by Guest Author Pavlina R. Tcherneva, Assistant Professor of Economics at Franklin and Marshall College, Research Scholar at The Levy Economics Institute, and Senior Research Associate at the Center for Full Employment and Price Stability. This is cross-posted from New Economic Perspectives
A recent report on the State of America’s Children revealed distressing statistics. More than 1 in 5 children live in poverty in the U.S., by far the most impoverished age group in the nation. Between 2008 and 2009 child poverty jumped 10%, the single largest annual jump in the data’s history. While the U.S. is the wealthiest nation in the world in terms of GDP (and # of billionaires), it ranks last in relative child poverty among all industrialized nations.
Overall we have 46.3 million people in poverty in the U.S. (the largest number in the postwar era), which is 14.3% of the total population—a percentage that has been trending up since 2000.
Two of the primary causes of poverty are the skewed income distribution in the U.S. and the high levels of unemployment.
While the income of the top 0.01% of households rose by 68% during 2002-2008, the incomes of the bottom 90% fell by 4% (note that the richest 10% of households in the U.S. take nearly 50% of the entire income in the economy). Indeed over the last few years we have witnessed one of the largest redistributions of income and wealth to the top in history.
The unemployment rate is another major contributing factor to the grim poverty picture. While unemployment insurance kept over 3 million people out of poverty, full time jobs at decent wages are the only way to tackle the poverty problem in the US in any meaningful way. In the absence of such policies, families have had to rely on government support, which has been falling, and will likely continue to fall in the face of austerity over the next years. For example in 2010, two years after the start of the Great Recession, the Temporary Assistance to Needy Families (TANF) helped 56% fewer children than in 1996 (note also that Congress refuses to extend the unemployment insurance benefits).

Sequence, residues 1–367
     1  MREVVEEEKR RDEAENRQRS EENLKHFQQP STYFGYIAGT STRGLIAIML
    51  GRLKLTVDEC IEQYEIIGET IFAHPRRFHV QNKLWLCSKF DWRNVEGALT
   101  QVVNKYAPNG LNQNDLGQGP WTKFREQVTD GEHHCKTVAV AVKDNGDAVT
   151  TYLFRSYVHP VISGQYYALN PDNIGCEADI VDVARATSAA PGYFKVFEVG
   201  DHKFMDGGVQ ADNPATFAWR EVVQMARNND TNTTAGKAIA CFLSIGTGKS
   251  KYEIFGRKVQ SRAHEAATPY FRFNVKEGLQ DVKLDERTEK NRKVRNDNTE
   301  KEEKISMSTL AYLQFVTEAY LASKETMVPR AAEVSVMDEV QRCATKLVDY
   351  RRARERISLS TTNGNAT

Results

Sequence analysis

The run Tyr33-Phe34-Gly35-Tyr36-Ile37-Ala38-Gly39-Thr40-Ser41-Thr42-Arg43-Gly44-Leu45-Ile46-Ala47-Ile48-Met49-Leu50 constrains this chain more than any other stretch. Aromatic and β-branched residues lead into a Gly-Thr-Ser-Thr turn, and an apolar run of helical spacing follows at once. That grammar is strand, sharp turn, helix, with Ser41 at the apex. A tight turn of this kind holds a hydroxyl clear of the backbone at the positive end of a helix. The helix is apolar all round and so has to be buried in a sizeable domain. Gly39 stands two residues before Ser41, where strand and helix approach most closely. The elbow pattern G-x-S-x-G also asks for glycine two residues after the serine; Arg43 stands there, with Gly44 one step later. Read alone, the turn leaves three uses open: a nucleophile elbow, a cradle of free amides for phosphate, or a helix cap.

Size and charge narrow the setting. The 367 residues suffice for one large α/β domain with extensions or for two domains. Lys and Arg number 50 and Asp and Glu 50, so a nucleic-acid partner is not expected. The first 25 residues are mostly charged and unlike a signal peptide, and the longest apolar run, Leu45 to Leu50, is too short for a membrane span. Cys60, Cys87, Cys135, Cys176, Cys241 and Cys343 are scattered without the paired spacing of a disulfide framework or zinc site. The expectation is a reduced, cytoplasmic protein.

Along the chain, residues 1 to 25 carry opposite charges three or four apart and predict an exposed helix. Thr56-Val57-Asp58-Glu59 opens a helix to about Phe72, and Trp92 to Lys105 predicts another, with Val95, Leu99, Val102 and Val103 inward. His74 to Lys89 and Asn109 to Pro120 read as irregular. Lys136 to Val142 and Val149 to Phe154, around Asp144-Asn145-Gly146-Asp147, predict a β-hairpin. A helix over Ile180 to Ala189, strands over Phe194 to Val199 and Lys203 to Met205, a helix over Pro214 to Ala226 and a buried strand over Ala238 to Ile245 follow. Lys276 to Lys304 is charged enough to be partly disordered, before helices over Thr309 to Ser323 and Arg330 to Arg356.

Working families are not doing terribly well either: 16.4% of full-time, full-year workers do not earn enough to escape poverty. Working families thus have had to rely on government programs such as the Earned Income Tax Credit (EITC), which benefited 24.5 million families in 2008, most of which was disbursed to families with low-wage workers.
The government programs the poor rely on are either too small or disappearing. The alarming state of America’s children is a stark reminder that public enemy #1 are joblessness, poverty, and income inequality, not the government debt or deficit.
The irrational debt and deficit phobia fabricated by Washington has diverted attention from the most pressing economic problems of the day. MMT economists have made the argument for decades but now even mainstream pundits from Warren Buffet to Alan Greenspan are arguing that there are no good economic reasons why a nation, which issues and controls its own currency, should ever default on its obligations—from interest on government debt, to veteran salaries, to social security payments. All U.S. government spending is denominated in dollars, not a foreign currency, and thus federal government deficit spending is always sustainable, but deficit spending is not always responsible or effective. So given the dreadful economic picture, it is time to rethink and reorient government spending policy.
To start with, I propose a three-prong approach: